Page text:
Running Time: 125 mins
Rated: MA 15+
I have to confess that Hogan's Heroes undermined POW stories for me. I don't for a moment underestimate the suffering that the soldiers endured there, but on screen I am always expecting Sergeant Schultz or Colonel Klink to appear. They don't get a run in Hart's War but that doesn't stop this film from borrowing a few other ideas from the long-running TV series.
In the closing months of WWII, Lt Tommy Hart (Farrell), son of a US Senator, is captured by the Nazis and imprisoned in Stalag VI where he comes up against Col William McNamara (Willis). The Colonel is convinced that, during his interrogation with the Gestapo, Hart betrayed secrets to the Germans. McNamara freezes Hart out. When African American pilot, Lt Lincoln Scott (Terence Howard) is accused of the murder of a fellow prisoner, the publicly racist Staff Sergeant Bedford (Cole Hauser), McNamara and Commandant Visser (Marcel Iures) decide to stage a court martial. McNamara appoints Hart, who was in second year at Yale Law School before the war, to defend Scott.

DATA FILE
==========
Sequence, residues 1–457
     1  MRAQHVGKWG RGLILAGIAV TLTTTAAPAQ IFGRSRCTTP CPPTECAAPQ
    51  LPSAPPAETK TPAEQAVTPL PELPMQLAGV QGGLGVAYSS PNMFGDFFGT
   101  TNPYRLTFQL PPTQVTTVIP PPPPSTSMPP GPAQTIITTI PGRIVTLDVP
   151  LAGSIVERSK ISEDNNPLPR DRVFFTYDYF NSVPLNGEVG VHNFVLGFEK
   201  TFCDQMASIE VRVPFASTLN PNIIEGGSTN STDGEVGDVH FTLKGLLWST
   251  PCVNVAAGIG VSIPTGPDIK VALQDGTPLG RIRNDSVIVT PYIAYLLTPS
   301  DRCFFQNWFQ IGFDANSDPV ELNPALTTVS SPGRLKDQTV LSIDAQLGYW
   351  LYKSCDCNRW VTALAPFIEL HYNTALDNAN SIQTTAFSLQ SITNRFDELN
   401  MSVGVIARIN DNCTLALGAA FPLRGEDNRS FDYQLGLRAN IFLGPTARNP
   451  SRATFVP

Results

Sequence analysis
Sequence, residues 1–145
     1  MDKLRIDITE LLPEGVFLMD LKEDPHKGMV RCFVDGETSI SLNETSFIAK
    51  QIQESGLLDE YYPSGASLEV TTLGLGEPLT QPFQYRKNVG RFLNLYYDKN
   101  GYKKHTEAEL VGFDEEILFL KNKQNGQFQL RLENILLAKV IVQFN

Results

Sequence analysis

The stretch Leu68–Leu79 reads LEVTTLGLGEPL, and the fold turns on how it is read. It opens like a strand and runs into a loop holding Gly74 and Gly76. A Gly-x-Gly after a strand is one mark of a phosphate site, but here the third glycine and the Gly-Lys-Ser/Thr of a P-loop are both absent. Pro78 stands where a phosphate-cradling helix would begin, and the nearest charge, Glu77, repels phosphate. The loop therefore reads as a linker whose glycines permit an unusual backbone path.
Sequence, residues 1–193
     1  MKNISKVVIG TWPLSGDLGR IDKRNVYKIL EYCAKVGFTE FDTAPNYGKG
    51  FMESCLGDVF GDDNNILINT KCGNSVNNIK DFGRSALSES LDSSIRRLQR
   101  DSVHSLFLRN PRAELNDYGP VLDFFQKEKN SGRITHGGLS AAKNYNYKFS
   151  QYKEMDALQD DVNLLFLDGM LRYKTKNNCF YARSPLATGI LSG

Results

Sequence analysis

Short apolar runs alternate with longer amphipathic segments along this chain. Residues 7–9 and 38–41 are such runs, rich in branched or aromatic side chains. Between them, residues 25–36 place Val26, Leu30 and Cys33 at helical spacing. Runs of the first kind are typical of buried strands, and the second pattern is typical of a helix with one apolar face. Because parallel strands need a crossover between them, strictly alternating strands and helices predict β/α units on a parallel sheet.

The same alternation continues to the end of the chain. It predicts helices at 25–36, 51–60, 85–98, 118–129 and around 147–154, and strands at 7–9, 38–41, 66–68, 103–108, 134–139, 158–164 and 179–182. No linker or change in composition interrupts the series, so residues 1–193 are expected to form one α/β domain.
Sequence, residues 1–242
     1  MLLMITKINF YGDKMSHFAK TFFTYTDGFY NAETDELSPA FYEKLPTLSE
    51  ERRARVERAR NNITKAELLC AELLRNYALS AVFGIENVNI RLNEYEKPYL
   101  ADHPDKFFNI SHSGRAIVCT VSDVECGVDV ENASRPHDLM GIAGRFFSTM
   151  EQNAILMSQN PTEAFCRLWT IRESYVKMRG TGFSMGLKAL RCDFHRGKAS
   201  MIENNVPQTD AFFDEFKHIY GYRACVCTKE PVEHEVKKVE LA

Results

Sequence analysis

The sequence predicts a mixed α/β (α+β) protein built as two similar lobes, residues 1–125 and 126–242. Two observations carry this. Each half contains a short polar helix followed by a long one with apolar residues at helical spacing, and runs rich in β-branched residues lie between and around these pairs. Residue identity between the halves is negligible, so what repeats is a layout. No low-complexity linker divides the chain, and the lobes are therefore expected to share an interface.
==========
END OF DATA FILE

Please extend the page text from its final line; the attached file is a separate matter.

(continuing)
Hart's War crosses over three film genres: war-time adventure, POW escape thriller and courtroom drama. Shot on location in the Czech Republic where director Gregory Hoblit was able to construct a replica of a POW Stalag, this film has a set and huge cast which adds to the strong impression it makes. There is plenty of dramatic tension in this story.
Hoblit, who is best know for his work on NYPD Blue and Hill Street Blues, brings a similar in-your-face style to the brutality of this camp. Be warned that the early scenes in this film are much briefer but as gruesome as the opening of Saving Private Ryan.
We always know that there is something going on underneath this compelling story and screenwriters Billy Ray and Terry George provide plenty of secondary material and unexpected turning points to keep up our interest in a film which is probably ten minutes too long.
And given what the producers are paying Bruce Willis to appear, we know that Col. McNamara will have to win out in the end which makes the final pay-off look like a much tougher version of Hogan's Heroes.
Richard Leonard SJ